But then, how to define a career that has taken in a huge variety of musical styles, from the early hip-hop, through to straight up guitar rock and, of late, an unfurling homage to the synthesizer. So Bryan Hollon, how would you describe the music of Boom Bip? “I don’t know. I play what I’m being influenced by, and I’m influenced by a massive amount of different music and genres. I just have a very broad range of likes, interests and tastes and that comes across the individual tracks on the album. I never felt comfortable using different monikers for different music; that just hasn’t felt necessary. So I’ve always stuck with the Boom Bip name and when I work on a record the process can take about two years, depending on the mood or what I’m listening to; I could be listening to krautrock, or a lot of minimal electronica and get inspired to start playing around. That’s how I create music; I don’t really focus on trying to fit myself into a hole.”

Being tough to pin down can, Hollon admits, have its drawbacks; the lack of a designated pigeonhole making it much more difficult for music fans drawn to specific genres to stumble upon him. For his own profile, he admits this is “a terrible thing,” but not something he’s unduly worried about, a sacrifice worth making in order to maintain his own personal sanity. “It’s really hard for me to just stick to one thing... a lot of people will just look at their five or six instruments and just write several different songs based on that palette. That does not appeal to me at all. I like to let the tones inspire me, they can come from all over the place and I like to go with the flow.”

Indeed, Hollon seems to be using his vast musical output as a means of documenting his life, associating personal memories with the music in each track. He explains this process with an example: “There’s a song on [Zig Zaj] called Pele. It’s my favourite and it came about because I fancied playing around with the idea of doing a surf tune. At the time, Warpaint and I were sharing the same studio space, jamming around a lot. I used one of their guitar pedals on the lead guitar channel to make it sound ‘surfy’. I can go back and listen to these songs and hear different pieces of my life and what I was doing and listening to at the time. Somebody who just comes to the record may not hear all these things and think it’s just scatterbrained with no direction. For me it’s more like a diary entry which brings me back to whatever time of my life the tracks come about.”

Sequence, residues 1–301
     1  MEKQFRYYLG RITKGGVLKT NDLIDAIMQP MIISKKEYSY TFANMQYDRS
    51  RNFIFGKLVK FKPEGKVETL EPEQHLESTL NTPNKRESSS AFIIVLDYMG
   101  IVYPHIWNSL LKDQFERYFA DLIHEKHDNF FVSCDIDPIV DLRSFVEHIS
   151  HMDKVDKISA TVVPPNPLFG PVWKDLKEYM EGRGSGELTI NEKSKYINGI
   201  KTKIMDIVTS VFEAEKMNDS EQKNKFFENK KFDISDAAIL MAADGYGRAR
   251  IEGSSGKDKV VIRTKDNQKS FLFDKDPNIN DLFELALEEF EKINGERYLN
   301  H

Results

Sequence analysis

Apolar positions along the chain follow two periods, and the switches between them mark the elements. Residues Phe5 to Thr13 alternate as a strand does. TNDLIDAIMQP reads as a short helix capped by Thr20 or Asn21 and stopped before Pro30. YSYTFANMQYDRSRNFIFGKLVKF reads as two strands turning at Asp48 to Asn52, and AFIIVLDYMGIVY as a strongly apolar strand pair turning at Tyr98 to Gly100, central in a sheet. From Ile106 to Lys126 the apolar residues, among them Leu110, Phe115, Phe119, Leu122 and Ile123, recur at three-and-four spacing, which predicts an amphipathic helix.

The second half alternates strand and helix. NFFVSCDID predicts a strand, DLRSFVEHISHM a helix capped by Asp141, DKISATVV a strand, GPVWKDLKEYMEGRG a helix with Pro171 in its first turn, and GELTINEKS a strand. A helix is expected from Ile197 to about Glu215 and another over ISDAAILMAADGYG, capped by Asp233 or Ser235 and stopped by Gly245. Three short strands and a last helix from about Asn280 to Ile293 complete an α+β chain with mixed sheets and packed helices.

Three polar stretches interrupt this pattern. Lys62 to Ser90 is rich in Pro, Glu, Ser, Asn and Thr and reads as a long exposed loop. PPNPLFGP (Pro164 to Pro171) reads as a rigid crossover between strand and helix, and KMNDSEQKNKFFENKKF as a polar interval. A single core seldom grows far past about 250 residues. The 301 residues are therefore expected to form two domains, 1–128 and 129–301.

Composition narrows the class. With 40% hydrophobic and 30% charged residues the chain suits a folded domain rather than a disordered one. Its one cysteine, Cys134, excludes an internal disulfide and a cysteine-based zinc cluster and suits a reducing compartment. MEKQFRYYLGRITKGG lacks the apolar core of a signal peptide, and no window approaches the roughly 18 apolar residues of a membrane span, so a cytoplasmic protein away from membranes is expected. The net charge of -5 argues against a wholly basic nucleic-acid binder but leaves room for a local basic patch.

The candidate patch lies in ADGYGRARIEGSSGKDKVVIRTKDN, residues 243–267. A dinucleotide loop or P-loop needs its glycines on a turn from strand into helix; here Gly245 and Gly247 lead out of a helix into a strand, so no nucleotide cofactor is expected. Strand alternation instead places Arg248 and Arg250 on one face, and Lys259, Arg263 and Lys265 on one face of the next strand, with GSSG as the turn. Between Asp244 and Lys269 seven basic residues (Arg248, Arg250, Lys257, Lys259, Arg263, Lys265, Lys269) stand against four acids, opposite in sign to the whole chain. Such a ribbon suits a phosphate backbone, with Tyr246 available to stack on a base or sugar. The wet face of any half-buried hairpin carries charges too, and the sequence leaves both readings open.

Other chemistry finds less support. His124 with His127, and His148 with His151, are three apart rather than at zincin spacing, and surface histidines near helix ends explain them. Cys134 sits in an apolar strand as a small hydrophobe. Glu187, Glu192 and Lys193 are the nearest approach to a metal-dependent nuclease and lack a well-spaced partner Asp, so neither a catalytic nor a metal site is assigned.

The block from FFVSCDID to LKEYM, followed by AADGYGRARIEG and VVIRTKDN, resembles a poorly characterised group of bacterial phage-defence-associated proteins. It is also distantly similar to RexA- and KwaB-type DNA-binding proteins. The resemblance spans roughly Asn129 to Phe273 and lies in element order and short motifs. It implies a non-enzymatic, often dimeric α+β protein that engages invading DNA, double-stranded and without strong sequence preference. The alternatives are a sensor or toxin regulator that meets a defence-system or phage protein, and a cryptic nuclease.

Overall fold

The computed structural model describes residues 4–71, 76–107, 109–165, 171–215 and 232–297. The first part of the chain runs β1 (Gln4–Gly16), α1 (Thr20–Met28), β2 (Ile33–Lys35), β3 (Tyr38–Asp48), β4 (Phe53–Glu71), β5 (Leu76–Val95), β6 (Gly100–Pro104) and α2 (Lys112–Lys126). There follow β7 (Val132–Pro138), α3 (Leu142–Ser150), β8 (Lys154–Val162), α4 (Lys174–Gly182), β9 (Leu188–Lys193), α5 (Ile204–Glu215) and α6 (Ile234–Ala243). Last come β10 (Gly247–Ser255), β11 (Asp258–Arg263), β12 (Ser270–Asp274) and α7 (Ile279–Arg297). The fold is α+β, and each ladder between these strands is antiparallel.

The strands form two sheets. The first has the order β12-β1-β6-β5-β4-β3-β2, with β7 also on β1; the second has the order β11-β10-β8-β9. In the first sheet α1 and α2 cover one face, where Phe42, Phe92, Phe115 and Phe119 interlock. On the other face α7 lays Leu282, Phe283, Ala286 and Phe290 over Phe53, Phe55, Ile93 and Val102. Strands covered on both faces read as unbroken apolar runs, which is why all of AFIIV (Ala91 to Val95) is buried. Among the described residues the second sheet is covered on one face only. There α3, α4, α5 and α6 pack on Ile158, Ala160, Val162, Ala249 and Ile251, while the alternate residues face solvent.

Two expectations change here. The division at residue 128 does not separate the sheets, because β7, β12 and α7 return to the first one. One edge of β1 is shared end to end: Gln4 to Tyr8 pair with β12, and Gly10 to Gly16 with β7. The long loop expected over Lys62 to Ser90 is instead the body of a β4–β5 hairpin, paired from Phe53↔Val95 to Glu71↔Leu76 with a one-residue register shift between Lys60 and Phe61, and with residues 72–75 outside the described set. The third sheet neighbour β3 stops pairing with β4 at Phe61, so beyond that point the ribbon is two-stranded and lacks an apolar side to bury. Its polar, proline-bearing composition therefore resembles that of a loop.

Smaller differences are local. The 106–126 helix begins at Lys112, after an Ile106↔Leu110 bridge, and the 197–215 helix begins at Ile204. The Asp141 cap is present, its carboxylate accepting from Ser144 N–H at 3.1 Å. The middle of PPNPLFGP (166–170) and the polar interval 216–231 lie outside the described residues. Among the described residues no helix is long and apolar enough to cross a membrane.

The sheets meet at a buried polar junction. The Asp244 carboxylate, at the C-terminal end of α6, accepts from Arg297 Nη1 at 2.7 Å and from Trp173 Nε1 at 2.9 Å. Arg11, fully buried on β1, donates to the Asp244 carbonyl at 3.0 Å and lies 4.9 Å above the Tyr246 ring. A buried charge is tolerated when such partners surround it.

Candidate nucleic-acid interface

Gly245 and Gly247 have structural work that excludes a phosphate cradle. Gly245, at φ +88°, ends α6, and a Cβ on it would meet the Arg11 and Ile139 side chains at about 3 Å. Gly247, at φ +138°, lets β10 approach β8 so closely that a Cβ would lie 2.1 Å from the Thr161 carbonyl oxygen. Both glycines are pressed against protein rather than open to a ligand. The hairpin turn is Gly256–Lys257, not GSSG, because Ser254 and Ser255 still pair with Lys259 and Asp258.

With Stainless Style, the delightfully facetious ‘biographical’ album dedicated to the life and times of John DeLorean – developer of the time-travelling sports car in the Back to the Future films – the closest he has come to flirting with mainstream recognition, are there any prospects of a reunion? “Yeah, we’ve recorded a few demos, it’s a much different record. I really doubt that we will continue the Neon Neon name however. We’ve settled on the idea of a new format and been inspired by a completely new theme. I’m not going to say right now what that is, I want to keep it a surprise. But it is another in the biographical genre.”

In the meantime, Hollon admits that he would like it if people could listen to his music, new album, previous releases and “hopefully hear that it’s all coming from one person.” If not, he can always take solace in the encouragement of Mr Peel. “John did say to me one day ‘What do you classify your music as? I’ve never been able to put my finger on it. I love it, but... putting you into a genre is very difficult.’ I said ‘I don’t know, I don’t think that’s my job,’ and he said, ‘Well, it’s a great place to be.’ It’s a nice thing to have, the John Peel endorsement not to worry about fitting in to any single classification.”

Zig Zaj is released via Lex Records on 26 Sep